• Treatment options: Your treatment may change if the meningitis is not being controlled. This is often decided after you have tests. You may have one or more of the following treatments:

    • Medicines:

      • Antifungal medicine: This medicine helps to kill the fungus causing your infection. Some medicines and products cannot be used at the same time as antifungal medicine. Tell your caregiver if you are taking other medicines, vitamins, herbs, or food supplements.

      • Pain medicine: Caregivers may give you medicine to take away or decrease your pain.

        • Do not wait until the pain is severe to ask for your medicine. Tell caregivers if your pain does not decrease. The medicine may not work as well at controlling your pain if you wait too long to take it.

        • Pain medicine can make you dizzy or sleepy. Prevent falls by calling a caregiver when you want to get out of bed or if you need help.

      • Antinausea medicine: This medicine may be given to calm your stomach and control vomiting (throwing up).

      • Antipyretics: This medicine is given to decrease a fever.

      • Steroids: This medicine decreases redness, pain, and swelling caused by your infection or your antifungal medicine.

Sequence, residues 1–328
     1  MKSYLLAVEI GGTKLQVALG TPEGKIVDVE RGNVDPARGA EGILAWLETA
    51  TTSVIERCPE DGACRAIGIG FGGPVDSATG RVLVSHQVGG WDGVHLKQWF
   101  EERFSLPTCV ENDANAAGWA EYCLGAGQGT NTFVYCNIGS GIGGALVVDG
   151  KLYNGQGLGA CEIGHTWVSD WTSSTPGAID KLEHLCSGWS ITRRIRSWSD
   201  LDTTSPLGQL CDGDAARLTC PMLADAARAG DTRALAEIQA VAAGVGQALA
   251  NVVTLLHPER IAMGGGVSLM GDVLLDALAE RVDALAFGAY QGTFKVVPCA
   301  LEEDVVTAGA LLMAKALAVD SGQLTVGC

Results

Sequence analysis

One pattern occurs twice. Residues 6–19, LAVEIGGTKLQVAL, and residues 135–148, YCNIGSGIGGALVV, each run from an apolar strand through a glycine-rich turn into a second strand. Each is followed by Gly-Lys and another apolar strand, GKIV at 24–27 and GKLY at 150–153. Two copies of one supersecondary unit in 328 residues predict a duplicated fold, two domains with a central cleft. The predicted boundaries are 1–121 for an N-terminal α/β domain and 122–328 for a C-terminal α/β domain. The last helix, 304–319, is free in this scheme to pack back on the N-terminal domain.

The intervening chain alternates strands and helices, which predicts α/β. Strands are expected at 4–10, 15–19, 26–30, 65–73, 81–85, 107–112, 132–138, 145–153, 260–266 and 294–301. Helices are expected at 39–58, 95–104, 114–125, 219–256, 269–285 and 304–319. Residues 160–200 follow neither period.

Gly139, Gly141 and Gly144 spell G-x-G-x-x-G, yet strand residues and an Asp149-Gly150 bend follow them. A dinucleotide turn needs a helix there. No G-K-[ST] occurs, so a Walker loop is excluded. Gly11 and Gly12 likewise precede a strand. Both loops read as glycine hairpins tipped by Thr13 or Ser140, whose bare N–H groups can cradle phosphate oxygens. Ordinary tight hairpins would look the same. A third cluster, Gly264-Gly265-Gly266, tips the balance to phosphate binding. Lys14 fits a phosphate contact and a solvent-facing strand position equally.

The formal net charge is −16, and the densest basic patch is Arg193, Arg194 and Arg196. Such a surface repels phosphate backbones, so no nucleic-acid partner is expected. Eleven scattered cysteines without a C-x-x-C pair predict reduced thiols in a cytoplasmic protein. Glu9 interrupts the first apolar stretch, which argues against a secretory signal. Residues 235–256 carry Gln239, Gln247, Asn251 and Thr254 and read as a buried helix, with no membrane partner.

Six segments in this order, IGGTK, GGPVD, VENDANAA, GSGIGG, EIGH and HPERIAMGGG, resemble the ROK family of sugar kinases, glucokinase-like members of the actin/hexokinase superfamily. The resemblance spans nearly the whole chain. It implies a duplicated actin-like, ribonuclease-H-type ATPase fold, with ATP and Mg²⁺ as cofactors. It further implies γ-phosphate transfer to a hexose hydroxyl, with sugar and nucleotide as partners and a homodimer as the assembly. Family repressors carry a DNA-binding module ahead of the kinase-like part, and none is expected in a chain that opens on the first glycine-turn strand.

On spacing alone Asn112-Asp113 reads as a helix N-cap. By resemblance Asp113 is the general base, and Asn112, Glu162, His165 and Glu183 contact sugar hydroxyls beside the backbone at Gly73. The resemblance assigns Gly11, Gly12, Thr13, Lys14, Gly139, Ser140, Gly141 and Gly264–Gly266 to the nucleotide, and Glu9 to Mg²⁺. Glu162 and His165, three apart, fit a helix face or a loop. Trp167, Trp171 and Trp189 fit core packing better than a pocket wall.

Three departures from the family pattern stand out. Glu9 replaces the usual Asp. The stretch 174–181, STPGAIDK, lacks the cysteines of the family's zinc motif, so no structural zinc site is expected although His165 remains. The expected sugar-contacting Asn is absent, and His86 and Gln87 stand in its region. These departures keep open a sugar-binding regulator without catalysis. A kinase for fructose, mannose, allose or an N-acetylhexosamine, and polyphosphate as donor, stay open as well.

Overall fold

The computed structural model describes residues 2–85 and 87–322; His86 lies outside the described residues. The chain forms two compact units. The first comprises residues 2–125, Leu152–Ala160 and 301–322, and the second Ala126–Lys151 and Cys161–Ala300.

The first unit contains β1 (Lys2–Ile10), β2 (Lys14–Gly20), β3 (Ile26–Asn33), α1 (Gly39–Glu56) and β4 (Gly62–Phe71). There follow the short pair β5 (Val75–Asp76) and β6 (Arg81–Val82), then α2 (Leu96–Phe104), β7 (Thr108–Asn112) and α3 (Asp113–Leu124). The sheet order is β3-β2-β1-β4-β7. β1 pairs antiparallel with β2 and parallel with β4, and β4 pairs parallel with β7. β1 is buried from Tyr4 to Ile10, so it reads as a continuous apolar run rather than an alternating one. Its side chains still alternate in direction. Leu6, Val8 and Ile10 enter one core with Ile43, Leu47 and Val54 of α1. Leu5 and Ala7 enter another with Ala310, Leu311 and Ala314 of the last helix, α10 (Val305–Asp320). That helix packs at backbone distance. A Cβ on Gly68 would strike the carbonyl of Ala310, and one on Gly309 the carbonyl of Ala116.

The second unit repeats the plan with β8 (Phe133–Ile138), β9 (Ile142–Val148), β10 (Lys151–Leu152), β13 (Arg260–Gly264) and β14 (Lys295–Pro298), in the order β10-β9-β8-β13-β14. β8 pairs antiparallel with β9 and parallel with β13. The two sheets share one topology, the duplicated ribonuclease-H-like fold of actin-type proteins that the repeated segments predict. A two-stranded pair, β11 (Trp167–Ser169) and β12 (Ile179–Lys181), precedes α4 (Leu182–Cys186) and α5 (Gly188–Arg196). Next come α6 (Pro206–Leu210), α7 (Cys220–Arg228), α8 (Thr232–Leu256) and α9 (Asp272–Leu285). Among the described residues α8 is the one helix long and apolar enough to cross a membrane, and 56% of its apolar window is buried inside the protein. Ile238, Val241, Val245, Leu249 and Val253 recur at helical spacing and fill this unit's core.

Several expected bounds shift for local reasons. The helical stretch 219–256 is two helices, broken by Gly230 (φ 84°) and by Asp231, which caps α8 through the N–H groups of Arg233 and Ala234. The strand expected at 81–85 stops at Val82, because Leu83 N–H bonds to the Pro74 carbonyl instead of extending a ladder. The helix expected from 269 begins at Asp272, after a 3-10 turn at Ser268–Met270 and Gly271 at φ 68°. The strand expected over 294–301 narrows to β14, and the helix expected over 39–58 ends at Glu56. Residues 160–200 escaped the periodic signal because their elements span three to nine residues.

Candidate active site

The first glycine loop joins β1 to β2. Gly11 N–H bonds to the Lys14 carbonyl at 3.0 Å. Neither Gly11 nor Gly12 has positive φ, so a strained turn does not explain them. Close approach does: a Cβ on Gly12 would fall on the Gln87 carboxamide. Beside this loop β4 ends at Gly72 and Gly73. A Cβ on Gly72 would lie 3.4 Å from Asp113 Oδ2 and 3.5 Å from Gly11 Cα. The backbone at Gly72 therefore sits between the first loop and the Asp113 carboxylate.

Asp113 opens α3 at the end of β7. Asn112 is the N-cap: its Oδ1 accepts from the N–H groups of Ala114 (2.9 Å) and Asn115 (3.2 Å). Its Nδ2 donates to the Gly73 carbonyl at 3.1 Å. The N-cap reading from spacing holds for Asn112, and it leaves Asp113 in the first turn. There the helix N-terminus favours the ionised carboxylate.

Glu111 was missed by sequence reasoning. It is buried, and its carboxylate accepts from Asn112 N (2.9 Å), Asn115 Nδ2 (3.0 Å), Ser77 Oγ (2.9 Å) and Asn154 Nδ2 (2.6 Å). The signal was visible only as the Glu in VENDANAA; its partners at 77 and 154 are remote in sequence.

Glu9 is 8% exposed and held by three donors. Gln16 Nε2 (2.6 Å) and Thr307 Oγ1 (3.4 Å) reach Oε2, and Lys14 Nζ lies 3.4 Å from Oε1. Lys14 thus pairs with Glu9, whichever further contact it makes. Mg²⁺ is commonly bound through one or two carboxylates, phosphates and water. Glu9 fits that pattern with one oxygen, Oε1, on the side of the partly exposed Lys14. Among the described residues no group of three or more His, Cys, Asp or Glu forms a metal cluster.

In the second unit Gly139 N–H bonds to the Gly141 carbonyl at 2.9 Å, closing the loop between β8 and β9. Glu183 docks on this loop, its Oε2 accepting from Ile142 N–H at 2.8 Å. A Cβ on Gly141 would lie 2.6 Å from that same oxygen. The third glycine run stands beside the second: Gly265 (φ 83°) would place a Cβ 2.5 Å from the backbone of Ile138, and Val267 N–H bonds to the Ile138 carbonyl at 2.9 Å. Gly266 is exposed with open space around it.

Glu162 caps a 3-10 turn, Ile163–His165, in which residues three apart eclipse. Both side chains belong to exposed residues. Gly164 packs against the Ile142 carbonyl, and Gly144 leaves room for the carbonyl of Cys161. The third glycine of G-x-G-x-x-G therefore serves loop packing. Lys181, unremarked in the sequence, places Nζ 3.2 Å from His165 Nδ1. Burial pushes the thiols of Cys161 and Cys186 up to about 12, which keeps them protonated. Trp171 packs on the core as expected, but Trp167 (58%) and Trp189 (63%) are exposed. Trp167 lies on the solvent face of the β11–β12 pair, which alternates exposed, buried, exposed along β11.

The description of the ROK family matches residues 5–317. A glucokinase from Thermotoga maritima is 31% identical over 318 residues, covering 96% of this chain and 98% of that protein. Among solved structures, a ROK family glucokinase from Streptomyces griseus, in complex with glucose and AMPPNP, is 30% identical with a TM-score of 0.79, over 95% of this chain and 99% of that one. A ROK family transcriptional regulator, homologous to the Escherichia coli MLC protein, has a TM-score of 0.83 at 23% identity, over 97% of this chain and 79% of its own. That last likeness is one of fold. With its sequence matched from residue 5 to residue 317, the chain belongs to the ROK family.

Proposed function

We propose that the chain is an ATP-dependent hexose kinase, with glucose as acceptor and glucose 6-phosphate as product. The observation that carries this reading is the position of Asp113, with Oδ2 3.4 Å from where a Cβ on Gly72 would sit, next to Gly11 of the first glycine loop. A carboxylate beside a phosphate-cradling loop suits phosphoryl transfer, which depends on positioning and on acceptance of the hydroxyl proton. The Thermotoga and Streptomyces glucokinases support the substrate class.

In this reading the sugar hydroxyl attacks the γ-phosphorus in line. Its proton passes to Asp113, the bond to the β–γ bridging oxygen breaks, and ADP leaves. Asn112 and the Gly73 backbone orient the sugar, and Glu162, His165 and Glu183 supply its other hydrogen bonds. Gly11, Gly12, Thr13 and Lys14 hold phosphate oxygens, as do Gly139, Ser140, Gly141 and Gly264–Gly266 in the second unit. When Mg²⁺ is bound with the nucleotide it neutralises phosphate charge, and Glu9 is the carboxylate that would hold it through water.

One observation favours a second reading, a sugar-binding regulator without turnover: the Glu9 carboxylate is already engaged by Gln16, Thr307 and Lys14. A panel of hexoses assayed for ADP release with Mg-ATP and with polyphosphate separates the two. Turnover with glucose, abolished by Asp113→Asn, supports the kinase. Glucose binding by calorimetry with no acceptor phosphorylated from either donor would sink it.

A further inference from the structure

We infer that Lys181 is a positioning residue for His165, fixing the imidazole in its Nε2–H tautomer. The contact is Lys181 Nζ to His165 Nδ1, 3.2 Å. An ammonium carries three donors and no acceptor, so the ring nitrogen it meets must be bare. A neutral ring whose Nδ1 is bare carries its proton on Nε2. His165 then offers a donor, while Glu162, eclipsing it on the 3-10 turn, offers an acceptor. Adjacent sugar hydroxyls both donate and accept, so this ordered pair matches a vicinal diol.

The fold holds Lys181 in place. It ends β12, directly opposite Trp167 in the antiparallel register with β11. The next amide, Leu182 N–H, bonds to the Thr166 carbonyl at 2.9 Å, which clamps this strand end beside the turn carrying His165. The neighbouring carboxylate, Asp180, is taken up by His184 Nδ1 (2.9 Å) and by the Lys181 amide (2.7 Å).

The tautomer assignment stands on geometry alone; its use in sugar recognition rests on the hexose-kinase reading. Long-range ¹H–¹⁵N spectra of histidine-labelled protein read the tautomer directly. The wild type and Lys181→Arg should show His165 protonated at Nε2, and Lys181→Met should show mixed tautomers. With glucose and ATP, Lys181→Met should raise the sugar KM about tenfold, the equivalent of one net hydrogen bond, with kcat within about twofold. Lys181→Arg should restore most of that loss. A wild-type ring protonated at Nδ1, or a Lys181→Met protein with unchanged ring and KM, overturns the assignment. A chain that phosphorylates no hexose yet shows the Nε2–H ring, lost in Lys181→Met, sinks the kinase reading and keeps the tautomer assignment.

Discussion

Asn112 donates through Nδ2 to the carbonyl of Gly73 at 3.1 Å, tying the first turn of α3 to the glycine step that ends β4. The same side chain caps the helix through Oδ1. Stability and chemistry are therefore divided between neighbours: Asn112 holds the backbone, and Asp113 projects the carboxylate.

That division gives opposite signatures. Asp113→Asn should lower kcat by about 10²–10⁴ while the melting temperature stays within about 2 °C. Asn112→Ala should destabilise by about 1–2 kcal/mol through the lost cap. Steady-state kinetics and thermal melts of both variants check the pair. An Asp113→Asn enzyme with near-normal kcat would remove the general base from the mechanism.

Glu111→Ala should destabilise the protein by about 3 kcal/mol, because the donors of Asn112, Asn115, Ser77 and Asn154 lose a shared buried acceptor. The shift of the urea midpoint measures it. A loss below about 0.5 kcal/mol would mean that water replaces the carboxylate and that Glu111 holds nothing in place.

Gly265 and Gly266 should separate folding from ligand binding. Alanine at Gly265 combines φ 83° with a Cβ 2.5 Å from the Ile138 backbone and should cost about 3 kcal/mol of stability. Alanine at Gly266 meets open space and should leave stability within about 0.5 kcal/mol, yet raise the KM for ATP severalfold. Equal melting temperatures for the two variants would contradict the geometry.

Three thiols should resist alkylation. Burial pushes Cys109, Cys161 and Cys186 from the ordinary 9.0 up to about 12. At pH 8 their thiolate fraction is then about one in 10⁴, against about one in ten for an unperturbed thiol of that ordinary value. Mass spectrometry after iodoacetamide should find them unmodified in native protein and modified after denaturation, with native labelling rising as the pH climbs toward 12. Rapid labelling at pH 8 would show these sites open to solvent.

• You may need extra oxygen if your blood oxygen level is lower than it should be. You may get oxygen through a mask placed over your nose and mouth or through small tubes placed in your nostrils. Ask your healthcare provider before you take off the mask or oxygen tubing.

    • Lumbar drainage: You may need this procedure if your infection causes pressure to build up in your brain. A thin catheter (plastic tube) will be put into an area of the brain called the ventricle. This tube will allow fluid to drain and the pressure to return to normal.

    • Ventriculoperitoneal shunt: A catheter from your brain may drain excess fluid into your abdomen (peritoneal cavity). A special pump may help move the fluid from your brain to your abdomen. The fluid will be taken up by your body and will no longer harm you.

© 2014 Truven Health Analytics Inc. Information is for End User's use only and may not be sold, redistributed or otherwise used for commercial purposes. All illustrations and images included in CareNotes® are the copyrighted property of A.D.A.M., Inc. or Truven Health Analytics.

The above information is an educational aid only. It is not intended as medical advice for individual conditions or treatments. Talk to your doctor, nurse or pharmacist before following any medical regimen to see if it is safe and effective for you.

Learn more about Fungal Meningitis (Inpatient Care)